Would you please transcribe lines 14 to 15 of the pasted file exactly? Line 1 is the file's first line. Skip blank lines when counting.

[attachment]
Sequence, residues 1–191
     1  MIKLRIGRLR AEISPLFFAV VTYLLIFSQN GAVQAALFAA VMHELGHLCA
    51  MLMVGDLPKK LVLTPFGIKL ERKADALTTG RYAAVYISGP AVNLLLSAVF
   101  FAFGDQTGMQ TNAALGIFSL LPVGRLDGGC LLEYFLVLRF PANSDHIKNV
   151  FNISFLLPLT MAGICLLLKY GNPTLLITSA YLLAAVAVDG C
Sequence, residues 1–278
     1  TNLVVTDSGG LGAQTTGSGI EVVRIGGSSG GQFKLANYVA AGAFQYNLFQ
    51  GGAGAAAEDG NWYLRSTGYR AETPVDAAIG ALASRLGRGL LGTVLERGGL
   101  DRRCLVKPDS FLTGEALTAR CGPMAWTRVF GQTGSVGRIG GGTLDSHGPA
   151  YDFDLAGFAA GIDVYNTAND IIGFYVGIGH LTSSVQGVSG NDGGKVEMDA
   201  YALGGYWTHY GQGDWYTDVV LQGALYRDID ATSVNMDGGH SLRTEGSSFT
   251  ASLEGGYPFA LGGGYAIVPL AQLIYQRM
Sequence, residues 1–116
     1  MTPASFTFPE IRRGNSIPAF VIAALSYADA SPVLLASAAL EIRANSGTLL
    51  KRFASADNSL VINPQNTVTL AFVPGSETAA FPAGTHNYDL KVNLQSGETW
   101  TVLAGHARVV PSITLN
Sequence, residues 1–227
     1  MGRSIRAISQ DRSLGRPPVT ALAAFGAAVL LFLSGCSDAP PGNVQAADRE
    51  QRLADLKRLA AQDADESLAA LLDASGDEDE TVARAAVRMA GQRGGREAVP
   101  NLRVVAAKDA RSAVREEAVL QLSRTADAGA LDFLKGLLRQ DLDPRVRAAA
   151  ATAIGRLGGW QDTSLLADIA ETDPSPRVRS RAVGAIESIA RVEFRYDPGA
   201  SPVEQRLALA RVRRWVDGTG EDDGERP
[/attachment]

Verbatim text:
     1  MTPASFTFPE IRRGNSIPAF VIAALSYADA SPVLLASAAL EIRANSGTLL
    51  KRFASADNSL VINPQNTVTL AFVPGSETAA FPAGTHNYDL KVNLQSGETW